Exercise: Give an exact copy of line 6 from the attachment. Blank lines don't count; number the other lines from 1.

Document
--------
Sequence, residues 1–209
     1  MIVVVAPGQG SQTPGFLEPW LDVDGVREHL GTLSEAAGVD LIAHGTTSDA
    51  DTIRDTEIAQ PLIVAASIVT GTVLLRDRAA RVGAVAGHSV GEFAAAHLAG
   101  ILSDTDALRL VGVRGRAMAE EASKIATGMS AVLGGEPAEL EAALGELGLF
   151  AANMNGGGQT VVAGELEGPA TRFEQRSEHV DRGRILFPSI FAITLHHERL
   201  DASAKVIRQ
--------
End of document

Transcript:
   201  DASAKVIRQ